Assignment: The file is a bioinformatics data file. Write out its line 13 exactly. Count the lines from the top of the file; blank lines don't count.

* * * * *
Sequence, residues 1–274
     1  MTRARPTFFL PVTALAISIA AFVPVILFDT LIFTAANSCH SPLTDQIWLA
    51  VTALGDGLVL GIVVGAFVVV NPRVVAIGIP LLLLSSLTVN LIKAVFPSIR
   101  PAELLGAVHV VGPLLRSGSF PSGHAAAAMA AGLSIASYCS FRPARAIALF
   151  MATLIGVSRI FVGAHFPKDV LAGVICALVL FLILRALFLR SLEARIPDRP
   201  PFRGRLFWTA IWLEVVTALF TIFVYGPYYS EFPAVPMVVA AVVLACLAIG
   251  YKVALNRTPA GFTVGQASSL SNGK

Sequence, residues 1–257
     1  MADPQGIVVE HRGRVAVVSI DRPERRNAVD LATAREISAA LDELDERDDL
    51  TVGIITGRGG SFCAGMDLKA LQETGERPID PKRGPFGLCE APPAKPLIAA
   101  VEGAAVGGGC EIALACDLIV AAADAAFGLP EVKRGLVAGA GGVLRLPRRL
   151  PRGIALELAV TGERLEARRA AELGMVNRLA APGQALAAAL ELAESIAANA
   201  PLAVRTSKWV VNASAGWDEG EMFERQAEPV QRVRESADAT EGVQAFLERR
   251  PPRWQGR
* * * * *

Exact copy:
   201  PLAVRTSKWV VNASAGWDEG EMFERQAEPV QRVRESADAT EGVQAFLERR